Technicality or policy violation?
Planned Parenthood’s campus affiliate blocked pro-life students from attending an event with President Cecile Richards at Pennsylvania State University last week.
That would ordinarily violate the policies of the public university. But Planned Parenthood Generation Action found a way around it.
A field organizer for Planned Parenthood Keystone, the regional abortion provider, told The College Fix that because it “paid for the space” at the Nittany Lion Inn, it “reserves the right to keep probable disruptors out.”
A national pro-life student organization isn’t buying it, accusing PPGA of violating Penn State policy by “blacklisting” members of the campus pro-life group.
Richards is stepping down this year from the organization she has led for 12 years. If pro-life students had been able to hear her speech, their only disruption would have been pointed questions for the longtime abortion-rights leader, according to one club leader.
No disclosure of abortion provider’s role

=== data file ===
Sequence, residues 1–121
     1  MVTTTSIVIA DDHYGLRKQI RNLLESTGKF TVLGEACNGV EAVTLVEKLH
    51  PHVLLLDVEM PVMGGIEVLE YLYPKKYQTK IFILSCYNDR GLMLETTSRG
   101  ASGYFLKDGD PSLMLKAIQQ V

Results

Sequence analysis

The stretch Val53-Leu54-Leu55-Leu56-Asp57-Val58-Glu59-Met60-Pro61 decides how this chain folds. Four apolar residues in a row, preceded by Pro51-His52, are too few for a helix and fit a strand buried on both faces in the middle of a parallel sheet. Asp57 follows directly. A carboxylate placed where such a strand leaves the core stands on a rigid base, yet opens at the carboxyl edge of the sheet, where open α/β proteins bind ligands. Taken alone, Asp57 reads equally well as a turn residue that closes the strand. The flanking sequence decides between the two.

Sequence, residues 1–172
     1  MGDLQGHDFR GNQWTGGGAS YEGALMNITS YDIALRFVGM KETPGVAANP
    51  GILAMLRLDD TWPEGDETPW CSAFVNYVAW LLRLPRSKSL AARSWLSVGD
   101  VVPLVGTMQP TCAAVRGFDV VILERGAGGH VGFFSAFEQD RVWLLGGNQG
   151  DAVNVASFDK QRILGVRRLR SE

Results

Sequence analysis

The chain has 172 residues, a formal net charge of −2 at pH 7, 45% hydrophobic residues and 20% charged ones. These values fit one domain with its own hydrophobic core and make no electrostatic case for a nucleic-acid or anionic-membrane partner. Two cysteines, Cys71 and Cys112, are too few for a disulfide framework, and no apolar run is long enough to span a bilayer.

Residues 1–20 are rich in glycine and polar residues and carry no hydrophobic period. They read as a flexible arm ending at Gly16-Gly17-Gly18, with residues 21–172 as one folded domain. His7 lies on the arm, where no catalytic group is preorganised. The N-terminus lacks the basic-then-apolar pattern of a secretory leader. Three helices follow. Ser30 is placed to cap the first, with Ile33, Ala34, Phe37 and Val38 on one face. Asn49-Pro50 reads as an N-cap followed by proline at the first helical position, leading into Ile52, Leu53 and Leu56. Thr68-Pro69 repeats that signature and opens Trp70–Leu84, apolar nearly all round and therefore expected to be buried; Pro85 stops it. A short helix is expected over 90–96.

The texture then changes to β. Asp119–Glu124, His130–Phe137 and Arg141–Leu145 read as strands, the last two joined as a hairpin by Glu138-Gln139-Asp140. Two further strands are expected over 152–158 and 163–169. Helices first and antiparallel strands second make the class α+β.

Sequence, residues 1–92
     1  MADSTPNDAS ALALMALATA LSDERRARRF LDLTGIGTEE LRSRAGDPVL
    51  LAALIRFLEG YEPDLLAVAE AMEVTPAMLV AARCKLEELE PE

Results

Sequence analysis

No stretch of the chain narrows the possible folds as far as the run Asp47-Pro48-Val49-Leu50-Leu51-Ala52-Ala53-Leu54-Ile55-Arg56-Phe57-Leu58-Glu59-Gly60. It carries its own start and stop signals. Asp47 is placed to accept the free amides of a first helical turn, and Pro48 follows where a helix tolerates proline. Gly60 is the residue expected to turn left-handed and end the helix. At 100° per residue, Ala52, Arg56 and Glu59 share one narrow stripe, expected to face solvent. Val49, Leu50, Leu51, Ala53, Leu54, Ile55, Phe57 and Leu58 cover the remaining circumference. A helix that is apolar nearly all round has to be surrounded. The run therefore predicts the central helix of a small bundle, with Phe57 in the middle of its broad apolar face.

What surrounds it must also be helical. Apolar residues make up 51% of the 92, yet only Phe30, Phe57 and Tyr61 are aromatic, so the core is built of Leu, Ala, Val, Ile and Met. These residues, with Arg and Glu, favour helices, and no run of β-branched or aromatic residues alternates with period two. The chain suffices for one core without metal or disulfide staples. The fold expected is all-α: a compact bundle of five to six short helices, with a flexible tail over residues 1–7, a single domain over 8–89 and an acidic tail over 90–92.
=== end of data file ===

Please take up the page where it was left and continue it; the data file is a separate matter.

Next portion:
Billed as a panel discussion on “the importance of viewing the struggle for full reproductive healthcare for all as part of a larger fight for justice and healthcare for all people,” the Feb. 22 event also featured university faculty and “community members.”
At some point after PPGA created the listing, PP Keystone was added as a host. The abortion provider serves the eastern half of the state except for the Philadelphia metropolitan area.
PP Keystone’s Facebook page makes no mention of the campus event, much less that it played a role in it. The abortion provider did repeatedly promote its own Feb. 22 lunch and dessert reception with Richards right up to the day before, however.
The secretary of Penn State Students for Life, Sarah Nahrgang, told The Fix in an email that her group did not learn until after the late afternoon event that “funding and logistics was handled by” PP Keystone.
Students were required to give their name, email address, phone number and zip code when registering online. Those who were approved to attend were given the location the night before, she said.
A club leader received a text message the morning of the event saying she had been “removed” from the list because of her leadership role in Students for Life. A club member received a similar message. Nahrgang wrote that she was turned away at the door after showing her ID.